RE: Things not to put after a full stop.

Subject: RE: Things not to put after a full stop.
From: Marguerite Krupp <mkrupp -at- cisco -dot- com>
To: "TECHWR-L" <techwr-l -at- lists -dot- raycomm -dot- com>
Date: Tue, 23 Jul 2002 13:03:13 -0400


OK, I have to jump in because some posters have stated as "rules" things
that simply are not so. [Credentials: I'm an adjunct English professor as
well as a tech writer, etc.]

First:

"Grammar" consists of a set of principles or rules.
"Usage" is the application of those rules.
Rhetoric," according to the online Merriam-Webster Dictionary, is:
"1 : the art of speaking or writing effectively: as a) the study of
principles and rules of composition formulated by critics of ancient times
b) the study of writing or speaking as a means of communication or
persuasion
2 a) skill in the effective use of speech b) a type or mode of language or
speech."

I think that we as tech writers and editors are primarily concerned with
rhetoric, not grammar.

Guru said:
<snip>
> Every writer knows that definite article "The" cannot
> be followed by a noun.</snip>

NO SUCH RULE EXISTS!
Why on earth would you have an article, either definite ("the") or
indefinite ("a" or "an") if it were not followed by a noun? Thus, "the
book," "the United States," "a figment."

And Harald added:
<snip>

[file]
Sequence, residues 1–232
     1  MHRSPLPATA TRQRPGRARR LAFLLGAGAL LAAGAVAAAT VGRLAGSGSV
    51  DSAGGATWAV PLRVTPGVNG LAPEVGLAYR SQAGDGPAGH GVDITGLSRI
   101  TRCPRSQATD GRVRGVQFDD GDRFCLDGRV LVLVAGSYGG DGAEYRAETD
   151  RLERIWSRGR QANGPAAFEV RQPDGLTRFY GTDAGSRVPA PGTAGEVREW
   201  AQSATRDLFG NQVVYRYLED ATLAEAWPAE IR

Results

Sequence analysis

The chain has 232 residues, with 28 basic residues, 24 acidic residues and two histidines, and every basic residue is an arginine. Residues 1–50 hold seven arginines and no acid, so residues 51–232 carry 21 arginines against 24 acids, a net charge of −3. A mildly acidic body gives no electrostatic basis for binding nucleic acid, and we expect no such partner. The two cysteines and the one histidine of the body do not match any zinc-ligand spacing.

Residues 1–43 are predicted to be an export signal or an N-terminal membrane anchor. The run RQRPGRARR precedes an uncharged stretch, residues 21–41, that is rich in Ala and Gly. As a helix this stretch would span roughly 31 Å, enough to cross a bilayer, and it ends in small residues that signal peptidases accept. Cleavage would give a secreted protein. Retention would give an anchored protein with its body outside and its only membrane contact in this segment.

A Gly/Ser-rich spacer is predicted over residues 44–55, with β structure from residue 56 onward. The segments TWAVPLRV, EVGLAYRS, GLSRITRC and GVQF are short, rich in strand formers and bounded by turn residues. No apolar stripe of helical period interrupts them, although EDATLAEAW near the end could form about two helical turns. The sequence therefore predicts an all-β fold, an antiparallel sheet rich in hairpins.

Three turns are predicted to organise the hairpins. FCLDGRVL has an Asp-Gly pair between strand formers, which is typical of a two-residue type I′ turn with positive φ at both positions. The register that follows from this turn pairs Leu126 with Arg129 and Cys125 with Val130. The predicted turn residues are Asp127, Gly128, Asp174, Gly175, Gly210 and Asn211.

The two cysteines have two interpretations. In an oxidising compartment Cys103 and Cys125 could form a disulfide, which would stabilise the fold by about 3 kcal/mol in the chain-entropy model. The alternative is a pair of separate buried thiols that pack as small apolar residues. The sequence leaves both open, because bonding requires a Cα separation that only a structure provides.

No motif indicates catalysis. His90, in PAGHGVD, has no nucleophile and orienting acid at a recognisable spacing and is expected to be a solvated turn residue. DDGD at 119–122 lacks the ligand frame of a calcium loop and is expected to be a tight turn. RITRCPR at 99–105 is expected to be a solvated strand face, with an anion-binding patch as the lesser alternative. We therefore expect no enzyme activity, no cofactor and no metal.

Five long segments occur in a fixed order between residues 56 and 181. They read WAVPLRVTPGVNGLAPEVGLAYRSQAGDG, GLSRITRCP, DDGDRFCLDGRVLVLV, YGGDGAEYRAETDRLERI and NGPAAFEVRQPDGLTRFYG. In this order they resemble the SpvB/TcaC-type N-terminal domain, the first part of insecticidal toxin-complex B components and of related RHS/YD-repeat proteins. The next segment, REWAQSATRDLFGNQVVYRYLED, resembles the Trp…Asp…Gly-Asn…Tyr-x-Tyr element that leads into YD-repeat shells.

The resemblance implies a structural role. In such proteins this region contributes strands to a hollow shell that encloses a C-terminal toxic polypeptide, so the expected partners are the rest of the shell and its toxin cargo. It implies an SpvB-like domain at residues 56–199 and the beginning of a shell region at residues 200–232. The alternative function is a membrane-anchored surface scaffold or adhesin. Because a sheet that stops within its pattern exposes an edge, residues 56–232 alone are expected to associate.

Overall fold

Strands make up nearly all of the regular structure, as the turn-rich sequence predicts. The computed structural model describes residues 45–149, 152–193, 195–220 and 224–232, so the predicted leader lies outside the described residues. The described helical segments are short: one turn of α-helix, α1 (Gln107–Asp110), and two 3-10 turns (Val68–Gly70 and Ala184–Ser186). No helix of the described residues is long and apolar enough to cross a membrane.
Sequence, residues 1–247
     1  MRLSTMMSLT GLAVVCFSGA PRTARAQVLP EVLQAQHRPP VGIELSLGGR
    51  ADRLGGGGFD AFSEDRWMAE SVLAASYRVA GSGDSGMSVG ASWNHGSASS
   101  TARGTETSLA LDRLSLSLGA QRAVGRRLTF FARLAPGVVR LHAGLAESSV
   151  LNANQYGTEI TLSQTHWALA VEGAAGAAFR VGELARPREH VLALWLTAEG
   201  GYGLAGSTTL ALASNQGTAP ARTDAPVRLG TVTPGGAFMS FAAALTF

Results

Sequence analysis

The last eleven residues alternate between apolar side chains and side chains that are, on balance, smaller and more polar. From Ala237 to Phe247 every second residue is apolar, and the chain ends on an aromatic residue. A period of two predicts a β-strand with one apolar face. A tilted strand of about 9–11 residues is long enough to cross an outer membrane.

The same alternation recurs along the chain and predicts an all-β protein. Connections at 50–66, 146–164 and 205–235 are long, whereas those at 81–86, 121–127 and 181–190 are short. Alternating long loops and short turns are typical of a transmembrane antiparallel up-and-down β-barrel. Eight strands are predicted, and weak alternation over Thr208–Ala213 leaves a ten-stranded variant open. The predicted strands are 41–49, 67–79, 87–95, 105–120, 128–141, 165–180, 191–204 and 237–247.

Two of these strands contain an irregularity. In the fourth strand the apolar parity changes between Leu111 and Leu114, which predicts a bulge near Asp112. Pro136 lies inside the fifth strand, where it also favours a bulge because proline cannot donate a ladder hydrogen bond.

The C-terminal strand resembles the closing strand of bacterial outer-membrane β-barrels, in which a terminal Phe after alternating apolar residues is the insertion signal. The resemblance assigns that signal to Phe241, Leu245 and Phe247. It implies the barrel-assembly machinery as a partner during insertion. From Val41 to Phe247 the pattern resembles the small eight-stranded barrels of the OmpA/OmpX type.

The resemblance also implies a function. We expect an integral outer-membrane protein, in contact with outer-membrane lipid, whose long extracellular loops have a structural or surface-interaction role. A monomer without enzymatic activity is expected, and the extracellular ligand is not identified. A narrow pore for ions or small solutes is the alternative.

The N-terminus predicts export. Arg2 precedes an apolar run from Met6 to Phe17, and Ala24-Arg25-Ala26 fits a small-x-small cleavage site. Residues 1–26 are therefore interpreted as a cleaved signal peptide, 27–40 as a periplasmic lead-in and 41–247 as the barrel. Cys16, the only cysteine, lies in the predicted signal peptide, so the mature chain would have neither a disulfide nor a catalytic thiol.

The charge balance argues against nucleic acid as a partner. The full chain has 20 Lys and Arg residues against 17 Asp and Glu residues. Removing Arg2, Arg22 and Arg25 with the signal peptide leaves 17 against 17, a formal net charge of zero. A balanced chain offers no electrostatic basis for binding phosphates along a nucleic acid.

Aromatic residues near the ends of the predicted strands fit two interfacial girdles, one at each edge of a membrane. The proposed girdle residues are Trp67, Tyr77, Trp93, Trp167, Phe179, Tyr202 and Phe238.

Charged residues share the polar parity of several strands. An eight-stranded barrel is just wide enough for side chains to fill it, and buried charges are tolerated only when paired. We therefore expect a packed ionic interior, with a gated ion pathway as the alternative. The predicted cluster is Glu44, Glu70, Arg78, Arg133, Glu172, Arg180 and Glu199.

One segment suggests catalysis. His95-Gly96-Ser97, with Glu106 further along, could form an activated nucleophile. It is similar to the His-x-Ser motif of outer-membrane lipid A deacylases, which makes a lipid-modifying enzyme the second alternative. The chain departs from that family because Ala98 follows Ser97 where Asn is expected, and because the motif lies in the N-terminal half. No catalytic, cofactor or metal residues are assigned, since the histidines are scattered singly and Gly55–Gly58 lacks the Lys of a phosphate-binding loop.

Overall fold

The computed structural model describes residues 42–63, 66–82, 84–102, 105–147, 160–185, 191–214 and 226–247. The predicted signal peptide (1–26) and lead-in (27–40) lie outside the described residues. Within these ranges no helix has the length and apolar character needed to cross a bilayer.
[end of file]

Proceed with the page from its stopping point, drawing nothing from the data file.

As far as I remember from my English lessons (English is not my native
language), preposition and conjunctions should be avoided in written
language. But as you see, I am violating this rule with only few
sentences. So for words like as and but I do not agree.
</snip>

Again, NO SUCH RULE EXISTS!
Prepositions and conjunctions are perfectly fine in both written and spoken
English.

*BUT*

Their use can lead to longer, more convoluted sentences that are hard for
people to follow and worse for people to translate. The prepositions in any
language can cause trouble! So as communicators, we may often try to avoid
complex sentence structures, and one way to do that is to avoid compound
sentences (two independent clauses joined by a conjunction) and
prepositional phrases. The same holds for periodic sentences (for example,
those starting with an adverbial clause).

The only general rule that I do try to follow rigorously is (no surprise!)
to make the diction and sentence structure I use suitable for the needs of
my audience. Somehow, I don't feel that I need to violate any rules or
grammar or principles of usage or rhetoric to accomplish this, and I'm
highly suspicious of anyone who says that it's necessary to break
grammatical rules to communicate effectively.

Marguerite


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